Washington, May 7 : Scientists have developed an ultrafast laser that may boost the search for Earth-like planets by hundred fold.
The laser was built by Albrecht Bartels at the Center for Applied Photonics of the University of Konstanz in Germany.
According to a report in ENN (Environmental News Network), scientists at the University of Konstanz in Germany and the National Institute of Standards and Technology (NIST) demonstrated the laser recently.
The new laser offers a record combination of high speed, short pulses and high average power.
The dime-sized laser, emits 10 billion pulses per second, each lasting about 40 femtoseconds (quadrillionths of a second), with an average power of 650 milliwatts.
For comparison, the new laser produces pulses 10 times more often than a standard NIST frequency comb while producing much shorter pulses than other lasers operating at comparable speeds.
The NIST group has shown that this type of laser, when used as a frequency comb-an ultraprecise technique for measuring different colors of light-could boost the sensitivity of astronomical tools searching for other Earthlike planets as much as hundred fold.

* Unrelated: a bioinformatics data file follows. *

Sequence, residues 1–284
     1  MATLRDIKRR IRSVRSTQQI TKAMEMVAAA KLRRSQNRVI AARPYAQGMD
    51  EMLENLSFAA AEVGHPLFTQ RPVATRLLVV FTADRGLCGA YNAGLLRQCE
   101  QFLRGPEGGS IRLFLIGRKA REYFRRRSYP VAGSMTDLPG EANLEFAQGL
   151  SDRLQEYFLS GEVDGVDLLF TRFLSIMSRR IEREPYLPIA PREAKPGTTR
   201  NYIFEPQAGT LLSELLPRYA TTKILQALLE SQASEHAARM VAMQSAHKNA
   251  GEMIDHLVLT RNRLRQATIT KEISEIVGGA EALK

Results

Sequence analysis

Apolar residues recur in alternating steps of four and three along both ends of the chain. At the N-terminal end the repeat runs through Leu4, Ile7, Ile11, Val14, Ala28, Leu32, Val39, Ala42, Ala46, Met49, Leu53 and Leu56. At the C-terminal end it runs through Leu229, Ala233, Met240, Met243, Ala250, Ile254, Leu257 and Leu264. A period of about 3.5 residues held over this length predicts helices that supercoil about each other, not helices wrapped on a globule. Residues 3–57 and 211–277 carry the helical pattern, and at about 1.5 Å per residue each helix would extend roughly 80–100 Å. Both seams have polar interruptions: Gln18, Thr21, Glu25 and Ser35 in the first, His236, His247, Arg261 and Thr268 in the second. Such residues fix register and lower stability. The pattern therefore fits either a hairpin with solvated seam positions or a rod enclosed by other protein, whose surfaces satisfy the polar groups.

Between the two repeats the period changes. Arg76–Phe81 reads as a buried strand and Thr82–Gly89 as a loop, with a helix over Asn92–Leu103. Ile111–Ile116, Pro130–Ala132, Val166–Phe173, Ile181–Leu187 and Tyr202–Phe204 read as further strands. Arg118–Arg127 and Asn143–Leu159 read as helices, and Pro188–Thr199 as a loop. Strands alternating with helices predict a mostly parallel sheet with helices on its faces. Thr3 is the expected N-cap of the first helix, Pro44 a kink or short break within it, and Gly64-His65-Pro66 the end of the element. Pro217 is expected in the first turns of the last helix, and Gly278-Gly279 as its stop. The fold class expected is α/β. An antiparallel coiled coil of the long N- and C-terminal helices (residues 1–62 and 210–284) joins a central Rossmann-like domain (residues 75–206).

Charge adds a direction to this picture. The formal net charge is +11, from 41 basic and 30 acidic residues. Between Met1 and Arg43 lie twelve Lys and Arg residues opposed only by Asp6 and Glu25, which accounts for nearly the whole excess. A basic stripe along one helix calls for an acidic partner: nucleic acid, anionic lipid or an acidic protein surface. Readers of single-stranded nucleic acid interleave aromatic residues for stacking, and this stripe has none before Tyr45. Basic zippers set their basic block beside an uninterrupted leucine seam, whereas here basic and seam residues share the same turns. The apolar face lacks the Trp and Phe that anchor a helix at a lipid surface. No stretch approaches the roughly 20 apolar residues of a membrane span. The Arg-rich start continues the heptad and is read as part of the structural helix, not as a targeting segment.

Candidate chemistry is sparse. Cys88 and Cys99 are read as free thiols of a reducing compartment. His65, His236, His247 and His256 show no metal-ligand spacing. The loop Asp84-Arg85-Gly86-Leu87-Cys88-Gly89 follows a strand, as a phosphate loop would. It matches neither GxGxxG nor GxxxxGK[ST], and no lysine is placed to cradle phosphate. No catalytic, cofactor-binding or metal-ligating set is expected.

The new laser is also 100 to 1000 times more powerful than typical high-speed lasers, producing clearer signals in experiments.
Among its applications, the new laser can be used in searches for planets orbiting distant stars.
Astronomers look for slight variations in the colors of starlight over time as clues to the presence of a planet orbiting the star. The variations are due to the small wobbles induced in the star's motion as the orbiting planet tugs it back and forth, producing minute shifts in the apparent color (frequency) of the starlight.
Though frequency combs are accurate calibration tools, helping to pinpoint even smaller variations in starlight caused by tiny Earth-like planets, standard models have "teeth" that are too finely spaced for astronomical instruments to read.
Now, the NIST group and astronomer Steve Osterman at the University of Colorado at Boulder describe how, by bouncing the light between sets of mirrors a particular distance apart, they can eliminate periodic blocks of teeth to create a gap-toothed comb.
According to NIST physicist Scott Diddams, the filtering approach of the new laser can cover a broader range of wavelengths.
Four or five filtering cavities in parallel would provide a high-precision comb of about 25,000 evenly spaced teeth that spans the visible to near-infrared wavelengths (400 to 1100 nanometers).
Other possible applications of the new laser include remote sensing of gases for medical or atmospheric studies, and on-the-fly precision control of high-speed optical communications to provide greater versatility in data and time transmissions.